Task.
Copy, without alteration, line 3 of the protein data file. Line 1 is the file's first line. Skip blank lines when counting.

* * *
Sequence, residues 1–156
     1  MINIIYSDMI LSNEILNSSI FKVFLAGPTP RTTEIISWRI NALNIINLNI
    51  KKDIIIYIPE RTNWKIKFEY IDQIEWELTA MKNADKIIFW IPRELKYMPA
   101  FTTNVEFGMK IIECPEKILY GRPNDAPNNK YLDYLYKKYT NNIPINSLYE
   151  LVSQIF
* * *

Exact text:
    51  KKDIIIYIPE RTNWKIKFEY IDQIEWELTA MKNADKIIFW IPRELKYMPA